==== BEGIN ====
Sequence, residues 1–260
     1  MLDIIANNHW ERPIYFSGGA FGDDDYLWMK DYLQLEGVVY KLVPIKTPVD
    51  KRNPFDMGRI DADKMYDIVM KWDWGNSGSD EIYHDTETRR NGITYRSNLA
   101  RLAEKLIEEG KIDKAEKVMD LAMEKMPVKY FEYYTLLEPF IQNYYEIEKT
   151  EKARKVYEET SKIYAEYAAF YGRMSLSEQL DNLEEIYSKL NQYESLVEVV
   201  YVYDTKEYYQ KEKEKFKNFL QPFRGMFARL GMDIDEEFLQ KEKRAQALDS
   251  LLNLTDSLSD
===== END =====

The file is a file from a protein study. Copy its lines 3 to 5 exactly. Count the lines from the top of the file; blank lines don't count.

    51  KRNPFDMGRI DADKMYDIVM KWDWGNSGSD EIYHDTETRR NGITYRSNLA
   101  RLAEKLIEEG KIDKAEKVMD LAMEKMPVKY FEYYTLLEPF IQNYYEIEKT
   151  EKARKVYEET SKIYAEYAAF YGRMSLSEQL DNLEEIYSKL NQYESLVEVV